RZA spoke with Billboard recently to clear up some things on the recently unveiled plan to release a single copy Wu-Tang‘s secret album The Wu: Once Upon A Time In Shaolin, which will be toured across the globe through galleries and museums as an exhibit and then sold to the highest bidder once it finishes the runs. Clearly, a lot of us are in a bit of a fritz over the implications of such a limited release, which is clearly geared towards uniting the fine art and music worlds. Luckily, the Wu archetype was willing to speak to the method behind the project and how he foresees the venture playing out. Below you can find some of the most compelling excerpts from that sit-down, but for the full script head over to Billboard. You can also watch trailers for his upcoming high-octane action flick features Brick Mansions and The Protector 2.
On the most recent bid:
“To be honest with you, I’ve been getting a lot of emails: Some from people I know, some from people I don’t know. Offers came in at $2 million, somebody offered $5 million yesterday, and they’re also emailing other members of my organization. So far, $5 million is the biggest number. I don’t know how to measure it, but it gives us an idea that what we’re doing is being understood by some. And there are some good peers of mine also, who are very high-ranking in the film business and the music business, sending me a lot of good will. It’s been real positive.”
On what the highest bidder actually gets:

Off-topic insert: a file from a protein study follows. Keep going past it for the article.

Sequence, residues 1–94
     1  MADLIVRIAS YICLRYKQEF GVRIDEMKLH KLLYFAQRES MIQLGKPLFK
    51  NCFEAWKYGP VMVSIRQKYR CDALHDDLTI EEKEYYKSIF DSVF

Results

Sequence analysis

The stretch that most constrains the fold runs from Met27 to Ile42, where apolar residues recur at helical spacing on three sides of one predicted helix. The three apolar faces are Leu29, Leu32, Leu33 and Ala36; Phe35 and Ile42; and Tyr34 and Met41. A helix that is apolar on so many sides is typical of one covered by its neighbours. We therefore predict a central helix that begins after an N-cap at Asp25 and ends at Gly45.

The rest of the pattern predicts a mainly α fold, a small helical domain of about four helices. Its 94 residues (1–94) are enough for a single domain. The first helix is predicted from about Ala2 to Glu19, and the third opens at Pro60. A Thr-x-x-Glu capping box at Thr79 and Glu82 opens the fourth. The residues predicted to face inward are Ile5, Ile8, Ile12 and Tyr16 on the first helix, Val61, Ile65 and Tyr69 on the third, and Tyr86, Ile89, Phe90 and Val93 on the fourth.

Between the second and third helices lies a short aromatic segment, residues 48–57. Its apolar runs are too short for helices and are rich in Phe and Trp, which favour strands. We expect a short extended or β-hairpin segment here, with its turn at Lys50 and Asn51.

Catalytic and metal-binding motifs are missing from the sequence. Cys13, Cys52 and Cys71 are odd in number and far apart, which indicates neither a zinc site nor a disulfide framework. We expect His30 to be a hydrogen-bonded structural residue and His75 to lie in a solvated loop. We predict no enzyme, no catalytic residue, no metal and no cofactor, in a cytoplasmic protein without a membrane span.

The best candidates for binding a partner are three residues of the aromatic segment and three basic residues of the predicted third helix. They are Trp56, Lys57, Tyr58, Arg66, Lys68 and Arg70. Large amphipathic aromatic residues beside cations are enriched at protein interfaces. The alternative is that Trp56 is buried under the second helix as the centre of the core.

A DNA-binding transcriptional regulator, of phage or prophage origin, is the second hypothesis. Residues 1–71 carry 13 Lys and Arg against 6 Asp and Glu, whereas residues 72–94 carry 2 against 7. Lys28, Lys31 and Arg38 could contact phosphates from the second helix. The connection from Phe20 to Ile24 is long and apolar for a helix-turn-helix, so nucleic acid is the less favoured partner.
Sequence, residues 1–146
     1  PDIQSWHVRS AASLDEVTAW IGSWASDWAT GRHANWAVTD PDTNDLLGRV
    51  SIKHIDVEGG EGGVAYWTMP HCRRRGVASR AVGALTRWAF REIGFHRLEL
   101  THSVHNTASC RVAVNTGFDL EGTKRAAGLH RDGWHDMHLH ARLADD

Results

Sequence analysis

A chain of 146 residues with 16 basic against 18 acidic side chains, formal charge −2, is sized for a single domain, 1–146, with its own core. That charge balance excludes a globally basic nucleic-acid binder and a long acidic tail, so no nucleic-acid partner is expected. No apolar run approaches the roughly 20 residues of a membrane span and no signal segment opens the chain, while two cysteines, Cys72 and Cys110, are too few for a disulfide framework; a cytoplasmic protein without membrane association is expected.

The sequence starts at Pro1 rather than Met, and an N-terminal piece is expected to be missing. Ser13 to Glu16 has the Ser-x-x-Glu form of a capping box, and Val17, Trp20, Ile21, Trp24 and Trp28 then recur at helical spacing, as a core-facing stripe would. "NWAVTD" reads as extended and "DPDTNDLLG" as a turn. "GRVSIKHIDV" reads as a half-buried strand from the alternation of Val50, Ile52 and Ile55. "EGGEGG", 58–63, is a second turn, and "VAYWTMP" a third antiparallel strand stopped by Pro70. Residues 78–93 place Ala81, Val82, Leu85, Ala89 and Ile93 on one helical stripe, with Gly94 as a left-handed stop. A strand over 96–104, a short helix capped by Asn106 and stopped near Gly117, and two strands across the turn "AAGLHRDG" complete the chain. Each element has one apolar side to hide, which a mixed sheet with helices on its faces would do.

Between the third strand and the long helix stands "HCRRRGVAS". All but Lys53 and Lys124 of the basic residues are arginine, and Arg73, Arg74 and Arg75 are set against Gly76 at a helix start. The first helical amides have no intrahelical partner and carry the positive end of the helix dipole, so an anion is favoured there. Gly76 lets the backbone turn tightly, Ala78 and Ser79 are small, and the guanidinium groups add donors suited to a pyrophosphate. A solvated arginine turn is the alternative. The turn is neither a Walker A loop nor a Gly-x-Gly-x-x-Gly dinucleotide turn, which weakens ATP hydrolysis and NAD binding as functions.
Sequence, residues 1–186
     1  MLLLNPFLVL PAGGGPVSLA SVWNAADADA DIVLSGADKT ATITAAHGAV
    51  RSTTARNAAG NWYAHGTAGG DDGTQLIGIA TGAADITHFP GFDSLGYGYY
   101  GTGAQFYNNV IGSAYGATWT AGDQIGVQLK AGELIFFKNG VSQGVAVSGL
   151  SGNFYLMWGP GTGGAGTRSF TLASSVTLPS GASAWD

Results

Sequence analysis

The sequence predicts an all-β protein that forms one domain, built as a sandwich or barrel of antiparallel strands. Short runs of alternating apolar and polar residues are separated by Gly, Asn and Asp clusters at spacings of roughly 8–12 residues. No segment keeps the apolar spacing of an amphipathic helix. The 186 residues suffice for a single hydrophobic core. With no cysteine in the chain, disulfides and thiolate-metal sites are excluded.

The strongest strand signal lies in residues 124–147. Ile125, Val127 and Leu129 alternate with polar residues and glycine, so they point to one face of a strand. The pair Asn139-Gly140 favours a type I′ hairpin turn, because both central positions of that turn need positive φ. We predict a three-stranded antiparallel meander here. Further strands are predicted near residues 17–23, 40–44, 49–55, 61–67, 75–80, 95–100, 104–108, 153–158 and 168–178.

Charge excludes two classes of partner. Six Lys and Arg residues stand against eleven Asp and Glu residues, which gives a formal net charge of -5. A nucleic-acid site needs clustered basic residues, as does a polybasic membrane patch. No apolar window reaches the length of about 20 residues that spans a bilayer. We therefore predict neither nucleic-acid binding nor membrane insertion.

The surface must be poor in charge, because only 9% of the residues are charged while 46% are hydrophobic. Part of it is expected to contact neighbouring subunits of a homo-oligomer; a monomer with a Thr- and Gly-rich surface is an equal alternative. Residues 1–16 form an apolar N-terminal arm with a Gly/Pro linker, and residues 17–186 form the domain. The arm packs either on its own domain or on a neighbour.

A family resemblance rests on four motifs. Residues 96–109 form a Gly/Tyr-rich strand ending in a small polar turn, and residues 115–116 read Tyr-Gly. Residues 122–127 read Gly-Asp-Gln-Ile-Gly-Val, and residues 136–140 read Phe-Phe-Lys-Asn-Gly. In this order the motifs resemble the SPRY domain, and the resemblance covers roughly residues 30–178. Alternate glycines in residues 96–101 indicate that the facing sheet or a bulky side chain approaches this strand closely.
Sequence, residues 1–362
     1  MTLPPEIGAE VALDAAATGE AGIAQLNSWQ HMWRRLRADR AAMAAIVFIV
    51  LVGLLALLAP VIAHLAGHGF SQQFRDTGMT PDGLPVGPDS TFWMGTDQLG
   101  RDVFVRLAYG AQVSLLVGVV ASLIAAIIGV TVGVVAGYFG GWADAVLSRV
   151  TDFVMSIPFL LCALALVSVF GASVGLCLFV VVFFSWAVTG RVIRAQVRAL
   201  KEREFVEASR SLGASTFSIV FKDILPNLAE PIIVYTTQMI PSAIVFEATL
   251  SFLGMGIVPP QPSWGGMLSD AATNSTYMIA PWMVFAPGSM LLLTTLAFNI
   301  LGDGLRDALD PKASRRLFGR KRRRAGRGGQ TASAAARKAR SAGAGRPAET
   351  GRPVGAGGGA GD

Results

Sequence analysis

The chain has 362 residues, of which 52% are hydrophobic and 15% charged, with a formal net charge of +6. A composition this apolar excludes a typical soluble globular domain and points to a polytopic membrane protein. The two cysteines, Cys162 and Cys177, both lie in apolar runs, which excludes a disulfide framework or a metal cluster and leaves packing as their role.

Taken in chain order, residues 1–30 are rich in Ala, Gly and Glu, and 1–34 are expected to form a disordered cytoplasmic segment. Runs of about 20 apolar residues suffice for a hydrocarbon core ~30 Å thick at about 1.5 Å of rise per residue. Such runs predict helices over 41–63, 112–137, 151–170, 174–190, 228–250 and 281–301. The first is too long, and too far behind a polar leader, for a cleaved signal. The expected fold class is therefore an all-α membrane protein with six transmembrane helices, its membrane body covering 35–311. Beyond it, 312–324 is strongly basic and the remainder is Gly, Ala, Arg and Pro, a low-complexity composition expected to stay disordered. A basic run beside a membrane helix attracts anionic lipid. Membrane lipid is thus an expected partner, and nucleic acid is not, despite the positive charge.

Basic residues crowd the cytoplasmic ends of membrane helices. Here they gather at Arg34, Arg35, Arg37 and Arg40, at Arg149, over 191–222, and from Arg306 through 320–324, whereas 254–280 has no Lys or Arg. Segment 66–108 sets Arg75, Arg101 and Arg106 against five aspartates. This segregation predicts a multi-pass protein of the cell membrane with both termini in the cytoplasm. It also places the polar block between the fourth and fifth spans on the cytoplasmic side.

“We’re trying to put it under the same definition as a work of art, and when you buy art from a gallery it becomes your property, right? I’m not 100 percent educated on the deeper ramifications of art, but in theory, I would think that it’s like when you bought a picture, it’s your picture. I know there’s other stipulations that’s gonna pop up, but we understand this is a piece of art, so we should accept the terms of that.”
Addressing the Wu business model:
“This can change the idea and the venue of music. This is still a flower that’s unfolding — there’s still more layers that have to blossom — and this is only part one. It’s a three-tiered idea, and I think you’ll appreciate each one, especially since you calculate what’s going on in this business. [The music industry has considered] changing how you measure gold and platinum — [the definition could be based on] what it generates. So I think this is gonna be a whole different model.
I understand that people need to get the music, but the unfortunate thing for me as a producer and an artist is that to make a Wu-Tang record costs a lot of money! It’s nine guys, musicians, and studios still cost a thousand dollars or more a day. So here we’ve got something we spent years developing and we’re saying, it ain’t just music, it’s a piece of art, it’s a capture of time… my phone’s about to cut off.”